Do not imagine that I have come to abolish the Law or the Prophets. I have come not to abolish but to complete them.
It is hard to let go of the past. Even when it was flawed, we tend to whitewash it, to avoid admitting our mistakes. It is hard to change our mind (metanoia), and the more people shout at us to do so the more entrenched we become.
But circumstances change. What was right yesterday may not be best for today. We can always say ‘I am sorry’ and let go, but the left hemisphere of the brain finds this hard to do because it constructed all the good reasons for previously-held opinions. It enjoys fixity. (I won’t make a comparison with Brexit). But even when we do admit that a new approach is called for, we are not condemning ourselves for past mistakes: we did the best we could with the information at hand at the time. The right hemisphere of the brain is in the flow of reality and finds it easier to accept change. Only then can we make peace with the past and see the best of it, the law and prophets, carried over into the new.
Even gods, like the cultures they once supported, change and die. Today we live in the twilight of the old gods. They depended on their devotees to keep them alive with the offerings of petition and sacrifice. When the devotees stop believing the gods wither on the vine. Even the mighty gods of Olympus were downgraded. Before they die, they become local, vestiges of nostalgia or objects of amusement for the new generation.
But we cannot live without gods. (Even the atheist has to deal with them.) We need the symbols and charms they provide to express hopes and needs that we cannot put into words. The change of the pantheon of gods, however, is a time of loss and crisis such as we are going through now in Christianity and other religions. The new gods are worshipped on screens from Hollywood and Bollywood, in the temples of shopping malls, trading rooms and newsrooms. There are gods of misinformation and division (and some good new ones). Some old gods try to re-invent themselves and become relevant while others just fade and disappear. Consensus – the certainty that the old gods gave – is eroded and replaced by conflict and controversy until something new is born.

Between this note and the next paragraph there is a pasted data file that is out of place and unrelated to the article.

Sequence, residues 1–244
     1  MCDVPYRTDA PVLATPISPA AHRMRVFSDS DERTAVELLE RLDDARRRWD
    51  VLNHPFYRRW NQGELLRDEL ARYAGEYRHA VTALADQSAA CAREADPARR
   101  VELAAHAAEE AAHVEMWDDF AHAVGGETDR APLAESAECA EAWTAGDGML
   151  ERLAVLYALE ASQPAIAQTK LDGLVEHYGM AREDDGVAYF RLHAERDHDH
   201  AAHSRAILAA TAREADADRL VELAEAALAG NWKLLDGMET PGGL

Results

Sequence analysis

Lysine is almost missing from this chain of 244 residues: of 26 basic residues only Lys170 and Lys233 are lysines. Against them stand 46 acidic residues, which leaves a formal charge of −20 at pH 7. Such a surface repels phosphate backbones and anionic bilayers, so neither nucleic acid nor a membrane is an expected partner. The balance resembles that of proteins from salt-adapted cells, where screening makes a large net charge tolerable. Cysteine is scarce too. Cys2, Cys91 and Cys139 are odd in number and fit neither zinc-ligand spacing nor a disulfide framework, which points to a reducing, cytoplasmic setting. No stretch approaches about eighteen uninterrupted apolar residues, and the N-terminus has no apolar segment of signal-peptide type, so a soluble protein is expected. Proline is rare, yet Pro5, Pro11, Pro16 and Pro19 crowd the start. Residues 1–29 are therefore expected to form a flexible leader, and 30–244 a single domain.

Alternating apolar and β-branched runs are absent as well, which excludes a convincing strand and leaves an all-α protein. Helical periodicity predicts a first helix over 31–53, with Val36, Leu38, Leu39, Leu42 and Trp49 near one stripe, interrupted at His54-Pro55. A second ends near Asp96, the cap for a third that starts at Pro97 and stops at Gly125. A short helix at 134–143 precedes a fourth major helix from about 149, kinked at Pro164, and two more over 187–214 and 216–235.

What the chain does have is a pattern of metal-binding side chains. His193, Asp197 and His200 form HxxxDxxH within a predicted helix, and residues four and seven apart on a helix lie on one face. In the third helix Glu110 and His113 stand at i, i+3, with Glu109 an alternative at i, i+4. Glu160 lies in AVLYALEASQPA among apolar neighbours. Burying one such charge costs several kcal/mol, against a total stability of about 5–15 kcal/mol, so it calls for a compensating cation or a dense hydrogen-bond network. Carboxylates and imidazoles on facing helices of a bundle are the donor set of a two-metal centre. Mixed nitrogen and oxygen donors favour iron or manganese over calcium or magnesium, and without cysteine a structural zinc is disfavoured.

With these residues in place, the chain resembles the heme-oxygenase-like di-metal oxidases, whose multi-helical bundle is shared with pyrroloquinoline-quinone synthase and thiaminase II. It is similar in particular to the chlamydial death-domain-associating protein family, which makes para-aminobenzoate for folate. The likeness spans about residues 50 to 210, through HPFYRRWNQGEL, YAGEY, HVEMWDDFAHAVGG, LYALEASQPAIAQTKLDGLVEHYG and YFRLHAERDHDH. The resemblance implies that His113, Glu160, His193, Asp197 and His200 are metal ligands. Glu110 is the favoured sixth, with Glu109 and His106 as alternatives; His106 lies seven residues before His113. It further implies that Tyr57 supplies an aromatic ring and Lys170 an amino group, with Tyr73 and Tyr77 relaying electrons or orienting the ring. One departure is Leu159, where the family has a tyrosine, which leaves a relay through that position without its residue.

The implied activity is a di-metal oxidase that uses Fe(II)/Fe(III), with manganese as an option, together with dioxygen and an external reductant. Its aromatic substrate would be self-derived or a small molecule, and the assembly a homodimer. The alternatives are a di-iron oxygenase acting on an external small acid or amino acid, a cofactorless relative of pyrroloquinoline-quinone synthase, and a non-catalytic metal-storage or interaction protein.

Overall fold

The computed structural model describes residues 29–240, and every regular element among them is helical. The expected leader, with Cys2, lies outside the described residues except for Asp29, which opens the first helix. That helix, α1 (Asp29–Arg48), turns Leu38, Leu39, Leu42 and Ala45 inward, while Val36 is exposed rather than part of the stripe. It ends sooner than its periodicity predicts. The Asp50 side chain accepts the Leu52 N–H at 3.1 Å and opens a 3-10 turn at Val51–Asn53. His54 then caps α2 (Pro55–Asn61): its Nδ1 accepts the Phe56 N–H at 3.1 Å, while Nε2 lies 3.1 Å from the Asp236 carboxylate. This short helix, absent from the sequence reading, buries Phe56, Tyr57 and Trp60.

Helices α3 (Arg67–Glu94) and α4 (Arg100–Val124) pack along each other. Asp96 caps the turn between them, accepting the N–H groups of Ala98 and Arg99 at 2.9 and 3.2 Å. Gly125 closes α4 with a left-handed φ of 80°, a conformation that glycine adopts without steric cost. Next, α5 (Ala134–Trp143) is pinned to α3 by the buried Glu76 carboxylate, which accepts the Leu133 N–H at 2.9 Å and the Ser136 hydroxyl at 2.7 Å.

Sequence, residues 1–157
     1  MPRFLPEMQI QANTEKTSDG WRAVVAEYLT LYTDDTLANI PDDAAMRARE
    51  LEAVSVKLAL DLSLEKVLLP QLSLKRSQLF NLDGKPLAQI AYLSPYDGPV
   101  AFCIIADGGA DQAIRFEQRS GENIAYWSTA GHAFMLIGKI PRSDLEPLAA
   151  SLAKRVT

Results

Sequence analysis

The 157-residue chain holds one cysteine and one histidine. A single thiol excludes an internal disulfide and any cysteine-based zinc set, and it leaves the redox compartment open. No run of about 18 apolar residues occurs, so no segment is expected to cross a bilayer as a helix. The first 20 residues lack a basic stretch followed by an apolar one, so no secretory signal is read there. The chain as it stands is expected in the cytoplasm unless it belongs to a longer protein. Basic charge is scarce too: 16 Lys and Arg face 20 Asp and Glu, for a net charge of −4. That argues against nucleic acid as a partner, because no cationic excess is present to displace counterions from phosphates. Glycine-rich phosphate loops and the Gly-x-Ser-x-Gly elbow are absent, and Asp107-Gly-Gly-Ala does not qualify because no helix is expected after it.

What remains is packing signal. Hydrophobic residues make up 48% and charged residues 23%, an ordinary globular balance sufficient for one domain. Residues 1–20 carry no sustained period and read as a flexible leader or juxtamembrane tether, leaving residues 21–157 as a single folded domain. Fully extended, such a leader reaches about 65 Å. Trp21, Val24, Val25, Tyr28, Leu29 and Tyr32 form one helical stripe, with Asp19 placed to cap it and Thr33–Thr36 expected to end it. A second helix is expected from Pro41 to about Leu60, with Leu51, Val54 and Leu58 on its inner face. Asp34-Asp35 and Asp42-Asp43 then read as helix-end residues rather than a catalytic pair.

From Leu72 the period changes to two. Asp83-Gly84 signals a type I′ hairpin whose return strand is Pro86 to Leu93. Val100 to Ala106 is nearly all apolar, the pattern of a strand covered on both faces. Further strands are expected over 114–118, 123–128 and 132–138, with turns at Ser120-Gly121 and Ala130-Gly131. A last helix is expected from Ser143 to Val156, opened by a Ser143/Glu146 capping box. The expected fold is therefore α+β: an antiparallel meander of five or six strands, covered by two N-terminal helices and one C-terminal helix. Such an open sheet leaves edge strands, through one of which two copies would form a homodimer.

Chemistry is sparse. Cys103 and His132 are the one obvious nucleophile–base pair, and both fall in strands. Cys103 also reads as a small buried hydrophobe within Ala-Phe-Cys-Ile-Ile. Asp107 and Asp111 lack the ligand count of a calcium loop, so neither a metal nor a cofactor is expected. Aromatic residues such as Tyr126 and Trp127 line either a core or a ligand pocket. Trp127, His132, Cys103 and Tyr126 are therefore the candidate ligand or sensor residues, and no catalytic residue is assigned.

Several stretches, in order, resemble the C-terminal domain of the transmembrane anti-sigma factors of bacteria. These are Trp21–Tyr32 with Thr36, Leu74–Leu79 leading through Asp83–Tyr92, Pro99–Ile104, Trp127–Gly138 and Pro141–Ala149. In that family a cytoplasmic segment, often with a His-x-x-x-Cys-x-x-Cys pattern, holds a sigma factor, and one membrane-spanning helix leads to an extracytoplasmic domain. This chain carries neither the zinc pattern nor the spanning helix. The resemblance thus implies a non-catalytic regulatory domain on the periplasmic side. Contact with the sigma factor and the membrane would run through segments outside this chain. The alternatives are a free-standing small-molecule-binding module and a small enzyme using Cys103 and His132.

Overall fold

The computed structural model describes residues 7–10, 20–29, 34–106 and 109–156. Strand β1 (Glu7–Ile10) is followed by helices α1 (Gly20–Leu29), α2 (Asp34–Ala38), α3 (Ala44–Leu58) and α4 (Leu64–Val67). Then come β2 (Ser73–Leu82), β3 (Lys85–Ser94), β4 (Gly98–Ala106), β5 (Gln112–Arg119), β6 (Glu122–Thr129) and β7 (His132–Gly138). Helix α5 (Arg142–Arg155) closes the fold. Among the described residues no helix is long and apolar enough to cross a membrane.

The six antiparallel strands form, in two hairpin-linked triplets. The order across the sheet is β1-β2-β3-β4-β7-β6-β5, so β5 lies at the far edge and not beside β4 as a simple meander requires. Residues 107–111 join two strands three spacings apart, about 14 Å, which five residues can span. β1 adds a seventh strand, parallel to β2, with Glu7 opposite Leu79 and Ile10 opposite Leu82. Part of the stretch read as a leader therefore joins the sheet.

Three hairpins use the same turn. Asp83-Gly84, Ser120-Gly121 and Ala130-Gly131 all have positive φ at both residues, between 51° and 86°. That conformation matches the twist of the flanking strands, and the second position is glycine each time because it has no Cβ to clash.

This is why the desert and our forty days there, or our twenty minutes there twice a day, are so liberating. There are no gods, dead or alive, in the desert, no temples except the heart, no sacrifices except our attention. There are, of course, our inner demons and a few necessary angels. Without gods, all that is left is the God who is, but has no name: the ‘religionless Christianity’ that Dietrich Bonhoeffer caught a glimpse of through the wreckage of the old order?